Researchers say climate change is already affecting Colorado farms and ranches – but not necessarily in the way people might expect.
Because the state is so dry, farmers here rely on irrigation to raise their crops. But they, and climate researchers, are less concerned about there being enough water than when that water is available. As Maeve Conran reports for our Connecting the Drops series, climate change means spring runoff is coming earlier, and that creates new challenges for farmers.
Mark Guttridge grows vegetables, herbs and flowers on Ollin Farms in Longmont in East Boulder County. He is transitioning from spring crops to vegetables that will ripen in late summer and early fall. Having water available later in the summer is crucial for Guttridge, but he knows from experience that that’s not guaranteed.
“In 2012 we were in a drought year and it got hot really early just like it did this year in June. By the end of August, by the very end of August and early September there was hardly any water coming down there so we did lose crops on that side that year, all our winter squash didn’t have time to finish off so we lost a lot of winter squash and pumpkins that year.”
Guttridge uses a combination of ditch and municipal water on his 10 acres. He has a safety net being hooked up to the municipal source…being able to turn on the faucet to irrigate his crops. But the part of the farm that relies on water being available in the ditch …that’s more vulnerable. He needs that water to be available at the right time for his crops. But climate researchers like Jeff Lukas, Research Integration Specialist for Colorado and Wyoming with the Western Water Assessment, say that timing is changing.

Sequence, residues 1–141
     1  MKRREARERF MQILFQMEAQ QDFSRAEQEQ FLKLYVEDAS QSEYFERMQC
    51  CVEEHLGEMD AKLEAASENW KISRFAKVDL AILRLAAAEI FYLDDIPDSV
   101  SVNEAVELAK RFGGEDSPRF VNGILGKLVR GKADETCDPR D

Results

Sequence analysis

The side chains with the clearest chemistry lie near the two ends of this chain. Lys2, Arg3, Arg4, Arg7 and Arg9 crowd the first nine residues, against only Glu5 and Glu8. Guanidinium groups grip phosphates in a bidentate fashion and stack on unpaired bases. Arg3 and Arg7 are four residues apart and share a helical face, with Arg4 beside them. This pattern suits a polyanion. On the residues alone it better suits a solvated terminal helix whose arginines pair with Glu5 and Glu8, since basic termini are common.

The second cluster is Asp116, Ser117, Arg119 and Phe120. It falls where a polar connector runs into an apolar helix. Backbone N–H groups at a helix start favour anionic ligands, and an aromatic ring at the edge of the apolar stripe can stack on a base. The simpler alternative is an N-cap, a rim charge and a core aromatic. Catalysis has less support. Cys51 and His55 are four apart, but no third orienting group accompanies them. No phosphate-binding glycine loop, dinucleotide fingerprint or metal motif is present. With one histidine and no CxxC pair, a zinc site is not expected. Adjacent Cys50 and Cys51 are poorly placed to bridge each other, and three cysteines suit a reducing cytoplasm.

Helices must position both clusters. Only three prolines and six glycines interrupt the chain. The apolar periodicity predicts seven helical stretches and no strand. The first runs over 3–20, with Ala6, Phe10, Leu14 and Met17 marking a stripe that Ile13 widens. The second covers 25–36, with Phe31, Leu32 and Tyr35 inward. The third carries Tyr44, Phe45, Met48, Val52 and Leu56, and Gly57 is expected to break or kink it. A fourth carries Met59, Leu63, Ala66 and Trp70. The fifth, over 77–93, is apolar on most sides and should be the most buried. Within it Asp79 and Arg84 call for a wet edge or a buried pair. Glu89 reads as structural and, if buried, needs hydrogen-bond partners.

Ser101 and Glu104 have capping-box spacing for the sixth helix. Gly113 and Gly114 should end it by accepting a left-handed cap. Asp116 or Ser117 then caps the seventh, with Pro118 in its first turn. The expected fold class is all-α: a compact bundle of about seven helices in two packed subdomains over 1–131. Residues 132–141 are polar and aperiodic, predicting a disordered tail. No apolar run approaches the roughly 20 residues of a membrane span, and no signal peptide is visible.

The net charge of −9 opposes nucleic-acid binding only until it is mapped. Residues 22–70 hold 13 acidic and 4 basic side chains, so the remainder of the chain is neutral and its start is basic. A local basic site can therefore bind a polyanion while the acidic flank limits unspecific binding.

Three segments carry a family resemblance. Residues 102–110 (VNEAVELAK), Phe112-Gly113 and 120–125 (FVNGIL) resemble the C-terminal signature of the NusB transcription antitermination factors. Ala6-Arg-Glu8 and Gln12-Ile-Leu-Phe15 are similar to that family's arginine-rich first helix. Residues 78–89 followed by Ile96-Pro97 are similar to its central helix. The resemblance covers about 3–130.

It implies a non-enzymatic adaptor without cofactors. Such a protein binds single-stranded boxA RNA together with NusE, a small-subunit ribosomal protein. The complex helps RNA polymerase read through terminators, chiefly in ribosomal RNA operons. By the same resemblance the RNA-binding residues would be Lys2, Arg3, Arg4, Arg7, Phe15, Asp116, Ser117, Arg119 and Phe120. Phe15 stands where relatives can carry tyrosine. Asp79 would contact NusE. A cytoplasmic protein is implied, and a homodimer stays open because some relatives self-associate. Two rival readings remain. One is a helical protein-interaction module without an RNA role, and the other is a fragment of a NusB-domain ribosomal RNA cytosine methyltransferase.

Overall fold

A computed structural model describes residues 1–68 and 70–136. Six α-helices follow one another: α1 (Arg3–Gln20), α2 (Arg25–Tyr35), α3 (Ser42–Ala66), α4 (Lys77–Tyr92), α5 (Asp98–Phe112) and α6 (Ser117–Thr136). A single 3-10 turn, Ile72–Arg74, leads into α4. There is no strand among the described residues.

“We have the most confidence that the annual cycle of snow melt and runoff continue to shift earlier.”
In 2014 Lukas led the revision of the WWA’s 2008 Climate Change in Colorado report to the Colorado Water Conservation Board. He says there has been a trend toward earlier spring snowmelt and runoff over the past 30 years and those earlier shifts in the run off can be directly attributed to climate change.
“Run off will continue to shift earlier and then the low stream flows that we naturally get in late summer will also expand their season and so we’ll see even lower summer stream flows.”
That scenario means water may not be available for farmers like Guttridge
“What we foresee is an increasing mismatch between the pulse of water coming downstream in the streams and river and the water needs of the crop over a longer growing season.”
Taryn Finnessey, the Climate Change Risk Management Specialist with the Colorado Water Conservation Board says the timing of water is crucial if you look at it through the prism of Colorado’s prior appropriations water rights which gives senior water rights holders the ability to take water first.
“Colorado has always had a variable climate, and we will continue to always have a variable climate but we feel that the earlier shifts in the run off can be directly attributed to climate change.”
“By shifting the run off anywhere from a couple of weeks to as much as a month earlier, they may be out of priority for their water rights and may not be able to utilize all or some of their water rights as a result.”
But Finnessey says there may be some water users who will benefit from this shift.